When ERG, ETV1, or FLI1 are fused to EWS, their NH2-terminal portions (which each contain a transactivational domain) are lost and their COOH-terminal portions(which contain the ets DNA binding domain) become fused to NH2-terminal EWS. We, therefore, generated expression constructs containing the portions of ERG, ETV1, and FLI1 present in EWS-ERG, EWS-ETV1, or EWS-FLI1, respectively. To analyze the ability of EWS-ERG, ERG, dnERG, EWS-FLI1, FLI1, dnFLI1, EWS-ETV1, ETV1,and dnETV1 to regulate the TGF-β RII promoter, NIH-3T3 cells or HepG2 human hepatoblastoma cells were cotransfected with a TGF-β RII promoter-luciferase construct and an expression vector for these genes. We have previously shown (26) that FLI1 induced TGF-β RII promoter activity; however, EWS-FLI1 reduced not only TGF-β RII basal promoter activity but also FLI1-induced promoter activity. In Fig. 3, we confirmed these previous findings. The dnFLI1, which contains only the FLI1 portion of EWS-FLI1, slightly induced basal promoter activity but suppressed FLI1-induced promoter activity (Fig. 3,a). Interestingly, contrary to EWS-FLI1, EWS-ERG induced TGF-β RII promoter activity but to a much lesser extent than ERG alone did (Fig. 3,b). The dnERG, which only contains the ERG portion of EWS-ERG, only slightly induced TGF-β RII promoter activity. EWS-ERG or dnERG suppressed ERG-induced TGF-β RII promoter activity. Comparison of the amino acid sequences of the ERG domain found in EWS-ERG with the FLI1 domain of EWS-FLI1 showed an 85% sequence homology. However, the FLI1 domain contained an extra 36 amino acids at the NH2 terminus. It would be of interest to evaluate whether these extra amino acids contributed to the suppressive activity of TGF-β RII transcription. We also examined the effect of EWS-ETV1 on TGF-β RII promoter activity. ETV1 induced TGF-β RII promoter activity 2.7-fold, whereas EWS-ETV1 reduced TGF-β RII basal promoter activity and ETV1-induced promoter activity (Fig. 3 c). The dnETV1 also suppressed ETV1-induced promoter activity. The different results obtained from ERG, ETV1, and FLI1 suggest different effects on regulation of TGF-β RII gene expression.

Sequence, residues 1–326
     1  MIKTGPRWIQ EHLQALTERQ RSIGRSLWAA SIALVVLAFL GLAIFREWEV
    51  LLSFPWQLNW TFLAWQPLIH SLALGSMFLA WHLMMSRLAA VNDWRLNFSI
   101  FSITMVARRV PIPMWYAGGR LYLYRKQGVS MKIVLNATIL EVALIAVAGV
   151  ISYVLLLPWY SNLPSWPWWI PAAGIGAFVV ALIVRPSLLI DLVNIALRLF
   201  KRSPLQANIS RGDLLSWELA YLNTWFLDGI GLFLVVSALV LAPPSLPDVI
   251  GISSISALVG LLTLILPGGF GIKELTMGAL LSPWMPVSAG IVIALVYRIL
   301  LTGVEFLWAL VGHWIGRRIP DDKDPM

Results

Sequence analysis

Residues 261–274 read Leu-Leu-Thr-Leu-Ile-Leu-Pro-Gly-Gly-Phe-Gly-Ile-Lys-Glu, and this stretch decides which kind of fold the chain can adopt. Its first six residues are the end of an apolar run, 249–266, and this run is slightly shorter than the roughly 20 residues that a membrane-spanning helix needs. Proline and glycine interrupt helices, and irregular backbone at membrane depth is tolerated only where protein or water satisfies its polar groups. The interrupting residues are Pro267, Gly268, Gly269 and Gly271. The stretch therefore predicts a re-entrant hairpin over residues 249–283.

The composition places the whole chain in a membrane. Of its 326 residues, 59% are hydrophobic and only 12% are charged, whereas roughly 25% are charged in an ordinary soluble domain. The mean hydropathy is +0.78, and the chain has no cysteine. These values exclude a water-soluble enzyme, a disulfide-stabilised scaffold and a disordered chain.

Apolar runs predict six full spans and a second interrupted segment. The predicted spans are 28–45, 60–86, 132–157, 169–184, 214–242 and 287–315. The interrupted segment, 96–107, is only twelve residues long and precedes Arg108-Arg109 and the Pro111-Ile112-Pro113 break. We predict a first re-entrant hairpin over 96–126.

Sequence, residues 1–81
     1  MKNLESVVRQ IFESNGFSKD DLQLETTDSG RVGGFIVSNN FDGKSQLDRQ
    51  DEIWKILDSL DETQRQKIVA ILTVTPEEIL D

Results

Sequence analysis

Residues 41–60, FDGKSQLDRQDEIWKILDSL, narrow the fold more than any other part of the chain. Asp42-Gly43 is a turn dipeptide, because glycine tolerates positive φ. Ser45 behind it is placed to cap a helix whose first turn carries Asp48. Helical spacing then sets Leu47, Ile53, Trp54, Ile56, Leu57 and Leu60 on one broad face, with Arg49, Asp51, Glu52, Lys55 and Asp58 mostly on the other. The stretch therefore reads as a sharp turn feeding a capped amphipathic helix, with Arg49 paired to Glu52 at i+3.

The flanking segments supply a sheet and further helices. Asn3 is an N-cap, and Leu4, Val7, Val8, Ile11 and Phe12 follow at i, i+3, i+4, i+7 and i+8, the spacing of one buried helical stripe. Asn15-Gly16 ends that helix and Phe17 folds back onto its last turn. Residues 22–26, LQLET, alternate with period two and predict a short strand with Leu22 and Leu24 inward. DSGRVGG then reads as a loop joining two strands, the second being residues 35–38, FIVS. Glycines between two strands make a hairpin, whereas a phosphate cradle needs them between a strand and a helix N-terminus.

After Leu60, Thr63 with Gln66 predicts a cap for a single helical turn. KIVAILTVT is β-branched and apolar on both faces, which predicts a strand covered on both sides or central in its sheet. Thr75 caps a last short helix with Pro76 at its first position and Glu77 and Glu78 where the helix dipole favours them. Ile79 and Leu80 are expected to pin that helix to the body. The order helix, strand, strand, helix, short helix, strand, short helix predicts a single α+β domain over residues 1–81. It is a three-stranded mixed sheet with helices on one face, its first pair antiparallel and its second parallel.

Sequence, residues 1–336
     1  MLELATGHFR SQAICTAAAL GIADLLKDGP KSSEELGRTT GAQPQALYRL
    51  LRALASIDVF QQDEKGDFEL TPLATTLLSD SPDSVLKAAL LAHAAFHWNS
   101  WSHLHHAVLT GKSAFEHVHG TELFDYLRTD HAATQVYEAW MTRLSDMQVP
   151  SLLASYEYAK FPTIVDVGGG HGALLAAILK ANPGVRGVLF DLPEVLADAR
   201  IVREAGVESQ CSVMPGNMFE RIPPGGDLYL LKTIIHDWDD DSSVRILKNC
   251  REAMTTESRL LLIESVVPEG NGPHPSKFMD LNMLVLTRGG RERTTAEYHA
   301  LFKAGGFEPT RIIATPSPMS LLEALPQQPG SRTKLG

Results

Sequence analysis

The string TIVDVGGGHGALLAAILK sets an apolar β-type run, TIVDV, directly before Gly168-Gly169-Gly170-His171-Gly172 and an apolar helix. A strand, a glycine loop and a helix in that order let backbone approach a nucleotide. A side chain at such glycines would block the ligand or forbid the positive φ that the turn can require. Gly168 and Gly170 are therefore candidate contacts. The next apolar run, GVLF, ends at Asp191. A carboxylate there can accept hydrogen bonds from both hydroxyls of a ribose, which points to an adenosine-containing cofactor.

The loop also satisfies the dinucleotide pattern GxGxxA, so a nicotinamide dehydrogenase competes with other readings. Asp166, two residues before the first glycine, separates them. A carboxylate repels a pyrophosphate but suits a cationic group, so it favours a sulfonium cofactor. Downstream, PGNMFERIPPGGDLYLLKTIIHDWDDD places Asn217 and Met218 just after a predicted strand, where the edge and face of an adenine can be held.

In Ewing sarcoma, gene fusions with EWS involve only one allele of each ets partner gene. Therefore, Ewing sarcoma cells would theoretically still have the capacity to express the other allele of the wild-type ets gene (as well as other ets transcription factors). With this in mind, we examined whether the suppression by EWS-Ets fusion proteins is specific to the ETS component or whether there is broad cross-reactivity for other Ets binding sites. Our results show that each EWS fusion gene can suppress FLI1-, ERG-, and ETV1-induced TGF-β RII promoter activity (Fig. 4). These findings suggest a more general ability of EWS-Ets fusion proteins to suppress wild-type Ets protein activity.

In summary, EWS-ETV1 and EWS-ERG, like EWS-FLI1, suppress TGF-β RII transcription. Because FLI1, ETV1, and ERG each induce TGF-β RII promoter activity, it is likely that these fusion gene products may act in a dominant negative form. The FLI1 domain (dnFLI1) in EWS-FLI1 induces TGF-β RII basal promoter activity 2.5-fold, whereas EWS-FLI1 suppresses basal promoter activity. This result suggests that the EWS domain in EWS-FLI1 may confer suppressive activity. However, in the case of EWS-ERG, dnERG slightly induced TGF-β RII basal promoter activity, whereas EWS-ERG induced TGF-β RII basal promoter activity to a much greater extent. This result suggests that the three-dimensional structures of these fusion products may also contribute to the regulation of gene expression.

Despite the recognition that virtually all of the Ewing family tumors express EWS-ETS gene fusions encoding chimeric oncoproteins,few physiological target genes of these aberrant transcription factors have been identified (31, 32). Recently, we have demonstrated that transcriptional repression of TGF-β RII is a major target of the EWS-FLI1 oncogene. The fact that other EWS fusion genes, such as EWS-ERG and EWS-ETV1, also repress TGF-β RII expression suggests that inactivation of the TGF-β RII may be an important step in Ewing sarcoma tumorigenesis.

Fig. 1.

Expression of TGF-β RII mRNA in NIH-3T3 expressing EWS-FLI1, EWS-ERG, and EWS-ETV1. a, Northern blot analysis of TGF-β RII mRNA in the EWS-FLI1-, EWS-ERG-, EWS-ETV1-, and TK-neo-NIH-3T3 cell lines. Total RNA was isolated from these cell lines and analyzed by Northern analysis using 32P-labeled TGF-β RII and EWS probes. b, the immunoblot analysis of EWS-fusion proteins. Cell extracts were separated by SDS-PAGE and analyzed by immunoblotting with antiflag antibody. ∗, the EWS-fusion protein. c, receptor protein cross-linking assay using iodinated TGF-β1. Receptor-ligand binding was performed with 100 pm125I-labeled TGF-β1 in the presence (Lanes 2, 4, 6, 8, and 10) or absence (Lanes 1, 3, 5, 7, and 9) of 100-fold molar excess of unlabeled TGF-β1. Bound proteins were cross-linked using 300 μm disuccinimidyl suberate, solubilized, and separated with gel electrophoresis.

Fig. 1.